Nevertheless, Virginia prison guards beat them, shot them with stun guns and rubber bullets, slammed them against floors and walls, chained them to their beds for days at a time, subjected them to racist verbal abuse and threatened them with sodomy and vicious dogs. This was done as a matter of policy, Livingston says, “just to show them who was boss and how terrified they should be.”
While photos of similar abuse at Abu Ghraib have provoked international outrage and apologies from President George W. Bush, published reports of atrocities in Virginia and other states have generated little public notice.
Alan Elsner is a Reuters reporter who discusses Virginia prison abuses at length in his recently published book “Gates of Injustice: The Crisis in America’s Prisons.” Elsner points out that a videotape made by Texas correctional officials when Bush was the state’s governor in 1996 shows guards using dogs and stun guns to torment naked prisoners as they crawled on the ground.
Bush didn’t appear disgusted then. In fact, he regarded himself as admirably tough on crime. In a 1999 interview with the now-defunct Talk Magazine, he even mocked a condemned inmate. “‘Please don’t kill me,’” the future president was reported to have whimpered in imitation of Karla Faye Tucker, “his lips pursed in mock desperation.”
Why is the governor who joked about killing a prisoner five years ago now sick to his stomach as president? Has inmate abuse, practiced here for so long with such relish, suddenly become un-American?
Jenni Gainesborough, director of the Washington office of Penal Reform International, believes a combination of factors is at work. Photos are powerful, she says. And although the occasional videotape of abuse sometimes surfaces here, U.S. prisons are generally careful to prevent or destroy such documentation. In addition, most Americans tend to view their prisons as places of punishment where inmates get what they deserve.
But there is a sharp disconnect between what the government says it is doing in Iraq and what the Abu Ghraib photos show the United States doing in Iraq. It is that disconnect, combined with the damage wreaked on the country’s international reputation, that has shocked Americans.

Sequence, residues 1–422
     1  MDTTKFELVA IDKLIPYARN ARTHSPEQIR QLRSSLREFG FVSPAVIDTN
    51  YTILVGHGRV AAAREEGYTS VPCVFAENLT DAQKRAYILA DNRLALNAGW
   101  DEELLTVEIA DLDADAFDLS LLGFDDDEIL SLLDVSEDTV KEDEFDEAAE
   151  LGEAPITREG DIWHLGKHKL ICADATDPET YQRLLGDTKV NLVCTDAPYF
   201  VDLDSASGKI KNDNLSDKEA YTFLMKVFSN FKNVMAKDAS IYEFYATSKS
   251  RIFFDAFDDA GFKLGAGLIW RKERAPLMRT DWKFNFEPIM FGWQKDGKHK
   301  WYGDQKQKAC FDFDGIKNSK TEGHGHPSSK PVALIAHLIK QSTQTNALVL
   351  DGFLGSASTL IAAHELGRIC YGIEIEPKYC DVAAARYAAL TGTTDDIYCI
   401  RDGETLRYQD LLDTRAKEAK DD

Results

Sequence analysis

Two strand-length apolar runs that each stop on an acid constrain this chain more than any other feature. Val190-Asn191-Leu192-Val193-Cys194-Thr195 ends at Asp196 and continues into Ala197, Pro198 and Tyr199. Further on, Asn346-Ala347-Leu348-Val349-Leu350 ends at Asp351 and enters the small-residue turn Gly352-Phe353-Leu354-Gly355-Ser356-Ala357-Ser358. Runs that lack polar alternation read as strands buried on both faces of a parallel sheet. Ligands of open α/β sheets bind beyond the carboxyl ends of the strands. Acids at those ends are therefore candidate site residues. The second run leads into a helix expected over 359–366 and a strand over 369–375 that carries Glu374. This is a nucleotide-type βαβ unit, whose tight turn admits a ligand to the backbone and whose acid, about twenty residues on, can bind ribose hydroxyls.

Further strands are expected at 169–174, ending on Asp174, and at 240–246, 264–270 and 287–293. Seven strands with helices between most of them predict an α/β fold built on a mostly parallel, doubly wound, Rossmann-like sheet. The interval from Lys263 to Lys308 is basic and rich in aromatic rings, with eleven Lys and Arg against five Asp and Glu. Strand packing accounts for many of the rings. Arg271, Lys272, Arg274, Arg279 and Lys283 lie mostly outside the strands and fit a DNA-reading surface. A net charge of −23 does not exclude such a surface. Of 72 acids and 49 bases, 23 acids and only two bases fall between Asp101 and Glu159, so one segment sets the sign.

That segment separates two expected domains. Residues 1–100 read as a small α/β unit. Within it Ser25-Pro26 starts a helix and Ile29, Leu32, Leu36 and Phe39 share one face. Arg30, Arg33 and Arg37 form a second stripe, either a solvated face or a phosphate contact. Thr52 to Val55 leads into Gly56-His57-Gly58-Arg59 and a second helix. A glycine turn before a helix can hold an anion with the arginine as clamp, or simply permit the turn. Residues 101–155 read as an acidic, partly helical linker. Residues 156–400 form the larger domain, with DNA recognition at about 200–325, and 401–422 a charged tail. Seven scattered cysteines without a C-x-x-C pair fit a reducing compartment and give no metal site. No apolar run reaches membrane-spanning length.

From Gainesborough’s perspective, the resultant national discussion about the treatment of inmates is a silver lining of sorts. “Suddenly, people are realizing there are international standards, and that there are good reasons to adhere to them,” she says. The lesson for Virginia, she says, is one of culture.
“The reason abuse flourished in Virginia,” Gainesborough says, “is because it was encouraged and tolerated by [former Virginia Department of Corrections Director Ronald] Angelone. The reason it flourished in Iraq is because of [Secretary of Defense Donald] Rumsfeld and everyone else who says the rules don’t apply, and we can do whatever we want to do to certain people.”
Angelone, currently a director of the prison contracting company Compudyne, retired from the Virginia Department of Corrections in 2002. But he routinely dismissed allegations of prison brutality throughout his eight-year tenure. The incidents recounted by out-of-state prisoners like those from New Mexico were “lies by convicted felons who don’t like being in a tough prison,” he told the Virginia State Crime Commission in 2000.
Angelone ignored a 1999 Human Rights Watch report condemning the treatment of supermax prisoners. He fired a prison doctor who ruled that an inmate had died because of mistreatment. Gene M. Johnson, who succeeded Angelone as director of the agency, has quietly de-supermaxed Wallens Ridge and most of Red Onion, the state’s other supermax. In doing so, he has lowered their security levels to more appropriately reflect the population they actually contain.
The department’s information officer, Larry Traylor, did not respond to requests for comment by Style Weekly.